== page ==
Listen to this article
Imifioluwa Ajayi is an A-grade student with a passion for maths. A year and a half ago, at 16, she was planning to go to university, study statistics and become a professor. Then she discovered she was pregnant. “I never expected it to come like that,” she says of her baby, “but I would never abort.” She gave birth to her daughter and began using contraception — an injectable hormonal birth control called Sayana Press, that lasts for three months and costs N500 ($1.38) a shot.
At first, like many of her peers, Ajayi was hesitant to use birth control. “Most people are actually scared of it,” she says, sitting in the Planned Parenthood Federation of Nigeria clinic in Ibadan, a southern city a two-hour drive from Nigeria’s commercial capital of Lagos. Ajayi had heard horrible rumours about contraception — that it didn’t work, had gory side-effects or caused infertility. Other teens spread the ominous idea that using it was like working against God. But after using the injectable for months now, Ajayi knows better.
“The Bible says if a man doesn’t know how to cater for his family, then the man is a devil,” she says. The aim of using contraception is not to stop having children but to take better care of the ones you have, she says. “I think women are into family planning because they want a better life for themselves, otherwise it will be a miserable life.”
Ajayi one of a small but growing number of converts, according to Planned Parenthood’s south-west regional director, Elizabeth Abimbola. On a drizzly August day, the modest clinic with yellow walls has the placid ambience of a small library. A retro-style poster near the entrance depicts a heavily pregnant woman carrying a baby on her back and holding the hand of a toddler. It asks: “Why carry more burdens? Plan your family.” A small group of women, most of them wearing gold wedding rings, are waiting on blue plastic chairs to see the medical officer on duty.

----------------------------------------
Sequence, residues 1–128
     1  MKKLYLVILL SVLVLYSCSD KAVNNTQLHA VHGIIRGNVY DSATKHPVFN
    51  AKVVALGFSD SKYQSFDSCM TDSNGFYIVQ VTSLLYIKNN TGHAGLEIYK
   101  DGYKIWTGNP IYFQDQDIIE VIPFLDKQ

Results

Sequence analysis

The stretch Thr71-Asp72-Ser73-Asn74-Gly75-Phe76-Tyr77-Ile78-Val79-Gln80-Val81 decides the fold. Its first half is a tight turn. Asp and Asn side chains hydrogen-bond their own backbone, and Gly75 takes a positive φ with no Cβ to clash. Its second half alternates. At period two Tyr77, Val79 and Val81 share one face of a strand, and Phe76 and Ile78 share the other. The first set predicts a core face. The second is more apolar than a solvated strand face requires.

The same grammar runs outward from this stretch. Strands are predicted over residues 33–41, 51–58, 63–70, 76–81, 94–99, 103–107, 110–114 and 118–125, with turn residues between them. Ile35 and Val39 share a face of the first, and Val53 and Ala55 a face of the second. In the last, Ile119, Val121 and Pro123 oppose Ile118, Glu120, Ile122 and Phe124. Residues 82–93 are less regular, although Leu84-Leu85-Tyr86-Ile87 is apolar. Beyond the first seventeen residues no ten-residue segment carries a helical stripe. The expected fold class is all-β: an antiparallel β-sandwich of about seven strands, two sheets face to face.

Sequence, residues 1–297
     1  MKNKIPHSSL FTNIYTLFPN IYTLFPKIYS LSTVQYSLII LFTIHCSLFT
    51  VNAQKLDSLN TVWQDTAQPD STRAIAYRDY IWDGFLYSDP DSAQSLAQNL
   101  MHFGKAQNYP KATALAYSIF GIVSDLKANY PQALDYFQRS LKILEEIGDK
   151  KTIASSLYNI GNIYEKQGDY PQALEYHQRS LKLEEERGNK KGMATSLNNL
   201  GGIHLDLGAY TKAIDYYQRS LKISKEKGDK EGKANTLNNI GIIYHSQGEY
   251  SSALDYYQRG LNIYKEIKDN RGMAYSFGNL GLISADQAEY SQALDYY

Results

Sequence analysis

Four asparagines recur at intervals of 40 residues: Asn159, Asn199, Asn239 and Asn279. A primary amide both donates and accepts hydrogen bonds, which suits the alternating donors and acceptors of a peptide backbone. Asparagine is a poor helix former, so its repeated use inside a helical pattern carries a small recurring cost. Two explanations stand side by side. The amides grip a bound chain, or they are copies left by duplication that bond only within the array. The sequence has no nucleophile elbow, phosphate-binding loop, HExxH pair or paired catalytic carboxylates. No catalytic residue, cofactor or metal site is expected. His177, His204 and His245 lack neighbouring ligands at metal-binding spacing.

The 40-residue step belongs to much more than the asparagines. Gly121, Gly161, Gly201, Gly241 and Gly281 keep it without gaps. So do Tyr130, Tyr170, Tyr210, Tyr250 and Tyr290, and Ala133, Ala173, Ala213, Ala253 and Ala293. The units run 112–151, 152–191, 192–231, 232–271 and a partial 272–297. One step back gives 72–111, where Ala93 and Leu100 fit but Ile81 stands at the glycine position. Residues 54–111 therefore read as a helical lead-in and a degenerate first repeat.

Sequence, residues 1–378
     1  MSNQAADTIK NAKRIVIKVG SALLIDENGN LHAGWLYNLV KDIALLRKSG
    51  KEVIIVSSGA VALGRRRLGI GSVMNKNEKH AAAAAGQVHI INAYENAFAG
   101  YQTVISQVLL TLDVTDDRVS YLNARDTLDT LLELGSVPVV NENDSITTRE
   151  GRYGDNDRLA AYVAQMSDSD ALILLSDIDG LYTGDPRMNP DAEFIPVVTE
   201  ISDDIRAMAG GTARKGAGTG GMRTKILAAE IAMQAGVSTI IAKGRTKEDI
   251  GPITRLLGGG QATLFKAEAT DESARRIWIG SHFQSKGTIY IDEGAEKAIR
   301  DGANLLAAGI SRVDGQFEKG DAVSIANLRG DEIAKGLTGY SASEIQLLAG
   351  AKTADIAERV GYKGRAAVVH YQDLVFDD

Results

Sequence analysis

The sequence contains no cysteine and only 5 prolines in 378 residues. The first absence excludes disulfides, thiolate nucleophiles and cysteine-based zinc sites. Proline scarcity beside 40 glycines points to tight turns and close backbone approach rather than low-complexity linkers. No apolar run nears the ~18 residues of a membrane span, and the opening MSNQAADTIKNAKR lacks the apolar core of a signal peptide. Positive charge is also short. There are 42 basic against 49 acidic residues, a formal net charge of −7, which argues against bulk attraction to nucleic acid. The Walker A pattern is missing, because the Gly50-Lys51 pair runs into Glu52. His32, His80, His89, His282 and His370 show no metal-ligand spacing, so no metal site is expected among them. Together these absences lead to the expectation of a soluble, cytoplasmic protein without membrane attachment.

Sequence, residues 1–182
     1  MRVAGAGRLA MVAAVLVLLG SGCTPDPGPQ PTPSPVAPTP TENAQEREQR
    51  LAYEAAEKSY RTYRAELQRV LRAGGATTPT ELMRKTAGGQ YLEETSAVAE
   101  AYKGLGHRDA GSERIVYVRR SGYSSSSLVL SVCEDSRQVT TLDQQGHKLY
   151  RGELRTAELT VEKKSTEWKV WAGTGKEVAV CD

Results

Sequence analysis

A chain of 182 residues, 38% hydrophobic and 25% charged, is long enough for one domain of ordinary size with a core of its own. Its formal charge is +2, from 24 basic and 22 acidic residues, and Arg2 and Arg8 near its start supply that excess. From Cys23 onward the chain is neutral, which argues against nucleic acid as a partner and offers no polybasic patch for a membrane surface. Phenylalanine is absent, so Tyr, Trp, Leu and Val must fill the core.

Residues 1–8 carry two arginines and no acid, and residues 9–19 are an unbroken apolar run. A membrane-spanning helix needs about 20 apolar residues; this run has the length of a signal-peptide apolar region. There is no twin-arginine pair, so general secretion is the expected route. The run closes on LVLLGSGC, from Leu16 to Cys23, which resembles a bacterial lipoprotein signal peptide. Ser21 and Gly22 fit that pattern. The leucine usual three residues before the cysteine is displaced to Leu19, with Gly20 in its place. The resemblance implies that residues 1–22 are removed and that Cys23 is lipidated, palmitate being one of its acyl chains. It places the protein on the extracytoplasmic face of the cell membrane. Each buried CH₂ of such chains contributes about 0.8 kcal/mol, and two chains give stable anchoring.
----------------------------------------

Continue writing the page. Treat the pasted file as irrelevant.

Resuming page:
There are myriad options on offer, such as birth control pills and implants that can be fitted under the skin of the upper arm, but Abimbola says most teenagers opt for Sayana Press, a lower-dose version of Depo-Provera, another injectable contraceptive, developed by Pfizer and approved for use in 2011 by the MHRA, the UK’s medicines regulator, that prevents ovulation for three months. The smaller needle makes the injectable option “less painful”, says Abimbola, and more importantly there is an “easier return back to fertility: almost immediately” — a plus for a woman in a society that places a premium on having children.
Sexual education in Nigeria is sparse, often non-existent, so Planned Parenthood dispatches youth outreach teams to schools in the cities and far-flung rural areas, offering premarital sexual counselling and free contraceptives to those who want them. Studiously avoiding mention of abortion — which is illegal in the country — they emphasise that contraception allows girls to pursue a career and have a family. It can be the deciding factor between a life of poverty and one of prosperity.
“You can be well educated as a woman, have a good job and have a good home,” Abimbola says, “[and] know that you can still marry and still have children — but when you so desire to have them.”
In some ways, this is still a radical idea in Nigeria. Even though the average age of first sexual intercourse is around 15, according to the World Bank, in many communities talking about sex before marriage is taboo, while contraception is believed to encourage promiscuity. Usually, women marry young and children come quickly afterwards. The median age of first marriage for women is 18, according to Nigeria’s 2013 Demographic and Health Survey. In the north, where teenage girls are more likely to drop out of school, the figure is even lower, with girls in the north-west state of Zamfara first marrying at age 14. Almost 50 per cent of Nigerian women will have given birth by the time they are 20; a Nigerian woman will have five children in her lifetime on average. Despite high levels of poverty and the health risks of back-to-back births, only 15 per cent of married women use contraception.